Microdosing LSD involves taking small doses of LSD that are not strong enough to induce psychedelic effects, cause intoxication, or significantly impact consciousness. Typically, a person takes these small doses of psychedelics routinely, such as every set number of hours or days for an extended period. There is no set amount of LSD that someone should take when microdosing. However, the dosage is often around one-tenth to one-twentieth of a recreational dose.
Microdosing LSD is a fairly straightforward process. Essentially, you need to prepare your microdoses with volumetric dosing, consume the microdose at the appropriate time, and follow a month-long protocol. Volumetric dosing involves submerging a full tab into distilled water and taking small, measured quantities of the water to microdose. To do this, drop a 100ug tab into 10ml of distilled water or alcohol. Leave it for a day or so, and keep it in the dark. Once the LSD has come fully off the tab, 1ml of the liquid will contain 10ug of LSD.
Microdosing LSD How Long Does it Last?
The threshold level (the amount at which people start to notice a mild psychedelic effect) varies but is usually between 10 and 50 micrograms. The (sub-perceptual) effect of a microdose of LSD can last for up to 10 hours, which makes the time of ingestion especially important. In a light trip, you are high and maintain a certain degree of control and overview. With a heavy trip, this disappears, and there is no more control. Thinking is highly associative and seems to go in circles.
Effects of Microdosing LSD
LSD can be highly unpredictable and affect different people differently. The fact that it is made in illicit laboratories means that a person may never be sure exactly what else may be contained in the version of the drug taken. While some people may experience distorted perceptions of their body image, altered perception of the size and shape of surrounding objects, modifications in their depth perception and other senses, and increased euphoria, others may become paranoid, experience a panic attack, have an intense fear of death, and suffer from psychosis when taking LSD. These negative symptoms are commonly referred to as a bad trip.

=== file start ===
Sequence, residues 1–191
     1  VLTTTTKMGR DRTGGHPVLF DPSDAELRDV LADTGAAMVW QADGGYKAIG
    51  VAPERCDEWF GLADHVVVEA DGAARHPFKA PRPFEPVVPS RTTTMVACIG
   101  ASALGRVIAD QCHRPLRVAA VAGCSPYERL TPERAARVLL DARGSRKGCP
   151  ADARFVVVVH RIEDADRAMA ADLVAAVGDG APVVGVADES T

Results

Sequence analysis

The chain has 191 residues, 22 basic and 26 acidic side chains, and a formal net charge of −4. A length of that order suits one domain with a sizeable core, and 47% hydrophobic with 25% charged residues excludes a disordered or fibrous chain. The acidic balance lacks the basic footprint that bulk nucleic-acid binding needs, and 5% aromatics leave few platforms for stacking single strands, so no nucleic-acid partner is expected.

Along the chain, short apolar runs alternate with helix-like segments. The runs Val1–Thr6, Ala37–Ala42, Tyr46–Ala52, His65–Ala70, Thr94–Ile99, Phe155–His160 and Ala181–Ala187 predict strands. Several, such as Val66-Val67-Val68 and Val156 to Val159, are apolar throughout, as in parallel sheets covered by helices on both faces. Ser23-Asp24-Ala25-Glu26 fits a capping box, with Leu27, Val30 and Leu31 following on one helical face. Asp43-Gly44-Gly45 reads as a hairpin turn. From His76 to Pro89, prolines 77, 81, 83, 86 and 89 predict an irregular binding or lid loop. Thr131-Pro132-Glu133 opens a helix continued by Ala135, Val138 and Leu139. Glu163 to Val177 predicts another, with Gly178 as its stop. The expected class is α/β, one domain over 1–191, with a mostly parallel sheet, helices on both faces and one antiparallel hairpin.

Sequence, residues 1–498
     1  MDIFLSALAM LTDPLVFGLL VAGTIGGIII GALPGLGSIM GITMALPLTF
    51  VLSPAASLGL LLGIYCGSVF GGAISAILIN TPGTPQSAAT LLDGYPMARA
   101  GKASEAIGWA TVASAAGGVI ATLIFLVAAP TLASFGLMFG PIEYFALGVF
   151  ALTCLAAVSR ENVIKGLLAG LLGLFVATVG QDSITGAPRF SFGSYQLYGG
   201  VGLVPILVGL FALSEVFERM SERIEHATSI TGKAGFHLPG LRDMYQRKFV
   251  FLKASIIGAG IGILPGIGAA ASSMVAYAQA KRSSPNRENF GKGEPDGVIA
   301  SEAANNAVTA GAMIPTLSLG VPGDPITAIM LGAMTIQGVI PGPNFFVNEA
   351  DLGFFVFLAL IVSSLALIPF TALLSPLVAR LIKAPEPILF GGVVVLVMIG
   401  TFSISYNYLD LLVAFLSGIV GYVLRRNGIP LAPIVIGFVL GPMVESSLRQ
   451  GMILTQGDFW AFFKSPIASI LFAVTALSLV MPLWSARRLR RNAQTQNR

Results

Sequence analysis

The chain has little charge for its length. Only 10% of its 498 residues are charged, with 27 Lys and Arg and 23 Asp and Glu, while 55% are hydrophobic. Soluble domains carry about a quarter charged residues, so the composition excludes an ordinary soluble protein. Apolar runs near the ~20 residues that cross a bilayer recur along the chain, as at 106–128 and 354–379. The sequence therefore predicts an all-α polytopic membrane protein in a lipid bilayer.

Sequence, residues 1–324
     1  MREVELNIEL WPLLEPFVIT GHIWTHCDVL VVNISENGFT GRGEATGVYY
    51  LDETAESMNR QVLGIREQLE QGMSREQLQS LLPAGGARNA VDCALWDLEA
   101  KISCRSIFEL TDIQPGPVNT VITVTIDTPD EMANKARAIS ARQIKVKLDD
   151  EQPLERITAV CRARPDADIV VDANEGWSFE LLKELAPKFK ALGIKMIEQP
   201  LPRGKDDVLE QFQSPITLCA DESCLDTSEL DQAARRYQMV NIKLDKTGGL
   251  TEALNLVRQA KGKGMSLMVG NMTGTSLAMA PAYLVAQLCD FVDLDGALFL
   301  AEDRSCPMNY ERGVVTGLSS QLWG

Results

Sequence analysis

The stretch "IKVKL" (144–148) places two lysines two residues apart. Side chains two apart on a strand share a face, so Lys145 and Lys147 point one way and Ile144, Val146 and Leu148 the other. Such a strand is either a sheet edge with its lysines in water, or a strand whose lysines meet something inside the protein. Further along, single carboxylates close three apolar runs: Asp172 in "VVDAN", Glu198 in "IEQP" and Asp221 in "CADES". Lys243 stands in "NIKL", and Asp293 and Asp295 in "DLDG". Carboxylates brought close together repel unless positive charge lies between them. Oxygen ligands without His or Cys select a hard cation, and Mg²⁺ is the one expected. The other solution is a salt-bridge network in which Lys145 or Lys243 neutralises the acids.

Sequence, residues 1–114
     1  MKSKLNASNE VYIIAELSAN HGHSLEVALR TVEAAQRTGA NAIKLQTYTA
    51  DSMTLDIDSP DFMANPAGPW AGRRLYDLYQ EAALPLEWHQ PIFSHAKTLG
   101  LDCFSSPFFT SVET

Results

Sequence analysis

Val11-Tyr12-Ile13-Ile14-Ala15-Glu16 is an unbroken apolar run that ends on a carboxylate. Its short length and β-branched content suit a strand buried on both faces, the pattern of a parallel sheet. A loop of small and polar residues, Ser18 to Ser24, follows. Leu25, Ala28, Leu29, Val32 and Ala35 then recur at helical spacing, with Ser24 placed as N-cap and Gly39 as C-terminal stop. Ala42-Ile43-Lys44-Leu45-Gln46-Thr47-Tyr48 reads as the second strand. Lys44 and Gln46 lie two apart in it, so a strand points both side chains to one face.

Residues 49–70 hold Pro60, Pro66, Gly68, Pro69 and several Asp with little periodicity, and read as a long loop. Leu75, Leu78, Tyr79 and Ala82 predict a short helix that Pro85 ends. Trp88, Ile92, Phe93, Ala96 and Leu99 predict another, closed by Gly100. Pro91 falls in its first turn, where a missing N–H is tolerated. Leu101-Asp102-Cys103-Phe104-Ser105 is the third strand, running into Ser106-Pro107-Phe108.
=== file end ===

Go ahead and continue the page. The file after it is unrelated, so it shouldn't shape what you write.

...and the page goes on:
Dangers of Microdosing LSD
There is a common misconception that Hallucinogenic drugs are relatively safe because they’re not as physically addictive as other illicit drugs, such as benzodiazepines and opioids. However, while Hallucinogens typically don’t produce severe symptoms of physiological addiction, it is very possible to become psychologically addicted to any drug of abuse.
Furthermore, microdosing can induce feelings of euphoria, heightened awareness, and general well-being. The neurotransmitters responsible for creating such a positive association may put certain people at risk of developing a psychological addiction.
Fundamentally, addiction is harmful because, as a chronic disease, it will grow and take prevalence over other aspects of one’s life. Another concern with microdosing is that many of the potential harms and side effects are generally unknown. Many of the aforementioned studies are conducted by systematically tracking the experiences of people who are already microdosing using an anonymous online system. This makes it more difficult to control the substance use of participants and get accurate results. Instead, results rely on the accuracy and honesty of participants’ reports.